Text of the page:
§ Mr. Burden
Does the right hon. Gentleman agree that this is a matter which in various aspects affects the whole of 38 the House of Commons and that the House is very jealous of its rights and honour? There has been no implication against anybody, but it would appear that the House of Commons paper was used and that certain transactions took place in rooms in the House of Commons. Therefore, will the right hon. Gentleman agree, after the police and security organisations have carried out their investigations, on the setting up of a Select Committee to go into the whole matter?
§ The Prime Minister
I have given an assurance that when any criminal investigations, as they may prove to be, are complete the House will have a full report. I agree that this matter affects the whole of the House. We shall have to decide what will happen after the investigations are complete.
I cannot accept on the basis of the headline I quoted, which related to a 90-second talk about golf, that that justified the headline which has obviously, perfectly fairly, upset the hon. Gentleman.
§ Mr. Milne
Is not the Prime Minister aware that he is wrong when he says that no protests have been made about the question of speculation on land reclamation? Many of us in areas affected by pit closures have repeatedly brought speculation in this particular sector to the attention of the right hon. Gentleman and previous administrations.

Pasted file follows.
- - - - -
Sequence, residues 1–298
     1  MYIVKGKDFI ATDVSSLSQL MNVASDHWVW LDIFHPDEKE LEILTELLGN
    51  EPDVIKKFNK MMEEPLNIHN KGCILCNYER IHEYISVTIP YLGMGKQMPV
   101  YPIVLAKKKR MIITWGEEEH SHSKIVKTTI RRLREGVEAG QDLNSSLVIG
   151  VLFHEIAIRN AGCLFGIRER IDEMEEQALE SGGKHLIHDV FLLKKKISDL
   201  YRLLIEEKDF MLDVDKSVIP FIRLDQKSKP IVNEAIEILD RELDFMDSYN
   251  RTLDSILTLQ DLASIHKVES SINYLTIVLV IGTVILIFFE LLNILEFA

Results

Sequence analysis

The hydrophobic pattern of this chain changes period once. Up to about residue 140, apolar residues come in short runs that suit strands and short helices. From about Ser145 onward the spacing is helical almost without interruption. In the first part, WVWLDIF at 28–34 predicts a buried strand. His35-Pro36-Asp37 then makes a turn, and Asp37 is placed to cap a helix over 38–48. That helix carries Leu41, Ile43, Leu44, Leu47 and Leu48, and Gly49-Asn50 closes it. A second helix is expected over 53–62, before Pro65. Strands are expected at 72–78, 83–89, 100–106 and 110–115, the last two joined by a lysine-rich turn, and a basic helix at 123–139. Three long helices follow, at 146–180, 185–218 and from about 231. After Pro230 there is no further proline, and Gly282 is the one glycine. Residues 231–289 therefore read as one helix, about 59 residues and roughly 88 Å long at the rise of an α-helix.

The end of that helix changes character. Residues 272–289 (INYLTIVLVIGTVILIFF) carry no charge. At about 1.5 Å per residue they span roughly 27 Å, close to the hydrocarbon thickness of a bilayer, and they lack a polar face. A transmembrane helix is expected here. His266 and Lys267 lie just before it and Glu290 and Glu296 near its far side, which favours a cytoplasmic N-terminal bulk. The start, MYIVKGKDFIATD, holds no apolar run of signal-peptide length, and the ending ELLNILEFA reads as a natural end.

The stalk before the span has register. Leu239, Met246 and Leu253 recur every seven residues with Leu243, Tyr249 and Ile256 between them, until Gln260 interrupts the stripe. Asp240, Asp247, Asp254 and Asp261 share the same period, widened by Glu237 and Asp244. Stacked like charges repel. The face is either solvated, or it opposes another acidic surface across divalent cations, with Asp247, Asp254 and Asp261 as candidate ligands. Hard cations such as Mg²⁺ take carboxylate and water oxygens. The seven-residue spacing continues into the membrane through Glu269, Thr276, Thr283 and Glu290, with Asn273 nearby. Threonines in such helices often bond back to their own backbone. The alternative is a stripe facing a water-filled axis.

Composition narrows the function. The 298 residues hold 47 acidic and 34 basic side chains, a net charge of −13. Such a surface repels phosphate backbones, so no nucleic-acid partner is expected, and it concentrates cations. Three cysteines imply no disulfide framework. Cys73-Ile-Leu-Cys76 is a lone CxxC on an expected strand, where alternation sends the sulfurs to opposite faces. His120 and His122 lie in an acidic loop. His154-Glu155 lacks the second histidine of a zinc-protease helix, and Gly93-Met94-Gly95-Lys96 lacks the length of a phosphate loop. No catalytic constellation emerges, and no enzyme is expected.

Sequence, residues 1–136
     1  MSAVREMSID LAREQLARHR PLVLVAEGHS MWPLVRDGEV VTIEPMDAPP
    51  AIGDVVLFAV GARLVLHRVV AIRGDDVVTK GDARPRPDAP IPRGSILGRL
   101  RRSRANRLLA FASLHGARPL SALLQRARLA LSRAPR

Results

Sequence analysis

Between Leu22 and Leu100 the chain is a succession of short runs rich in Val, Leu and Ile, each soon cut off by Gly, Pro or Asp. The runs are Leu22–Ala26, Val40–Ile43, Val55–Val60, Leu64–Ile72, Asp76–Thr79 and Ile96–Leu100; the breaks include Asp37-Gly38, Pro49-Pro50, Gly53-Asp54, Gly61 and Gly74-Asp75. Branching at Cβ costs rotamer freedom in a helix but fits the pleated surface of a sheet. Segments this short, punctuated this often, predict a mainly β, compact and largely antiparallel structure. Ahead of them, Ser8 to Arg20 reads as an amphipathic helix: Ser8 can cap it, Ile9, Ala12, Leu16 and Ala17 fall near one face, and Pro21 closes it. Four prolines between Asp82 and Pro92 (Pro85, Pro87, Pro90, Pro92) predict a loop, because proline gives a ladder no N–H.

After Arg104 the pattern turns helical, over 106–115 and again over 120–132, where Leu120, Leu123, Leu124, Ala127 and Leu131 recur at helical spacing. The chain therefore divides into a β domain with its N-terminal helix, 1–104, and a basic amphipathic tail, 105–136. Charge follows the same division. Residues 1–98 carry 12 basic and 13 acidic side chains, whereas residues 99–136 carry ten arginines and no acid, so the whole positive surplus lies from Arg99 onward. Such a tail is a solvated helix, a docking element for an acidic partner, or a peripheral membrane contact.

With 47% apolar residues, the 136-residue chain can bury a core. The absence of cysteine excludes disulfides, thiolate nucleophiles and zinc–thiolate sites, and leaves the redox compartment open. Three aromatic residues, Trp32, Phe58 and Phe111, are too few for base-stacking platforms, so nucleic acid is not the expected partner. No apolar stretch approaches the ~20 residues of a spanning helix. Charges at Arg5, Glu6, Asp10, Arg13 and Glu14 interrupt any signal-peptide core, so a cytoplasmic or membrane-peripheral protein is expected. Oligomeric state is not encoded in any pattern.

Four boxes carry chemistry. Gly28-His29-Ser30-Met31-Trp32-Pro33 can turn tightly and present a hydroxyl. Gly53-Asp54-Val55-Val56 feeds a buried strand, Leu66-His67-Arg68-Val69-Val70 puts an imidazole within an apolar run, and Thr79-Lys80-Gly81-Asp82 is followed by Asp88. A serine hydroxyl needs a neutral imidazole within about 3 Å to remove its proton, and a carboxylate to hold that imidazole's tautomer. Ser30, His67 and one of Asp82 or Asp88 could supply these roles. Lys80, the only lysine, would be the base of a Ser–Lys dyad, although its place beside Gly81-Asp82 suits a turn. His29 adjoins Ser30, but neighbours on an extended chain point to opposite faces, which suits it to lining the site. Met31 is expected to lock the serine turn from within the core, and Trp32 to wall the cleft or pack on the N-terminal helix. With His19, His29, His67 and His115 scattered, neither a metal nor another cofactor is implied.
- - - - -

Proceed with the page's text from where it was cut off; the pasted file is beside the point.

Is the Prime Minister aware that we commend the speed with which he has moved on this particular matter, but we regret that on an issue which we have raised with him and other administrations he has not moved so speedily or so effectively?
On the question of signatures on letters, is the right hon. Gentleman aware that the signatures of himself and his right hon. Friend the Leader of the House were actually used against me during the course of the General Election campaign and that other persons concerned, including many hon. Members on the Front and back benches in the House, were equally affected, but nothing was done?
§ The Prime Minister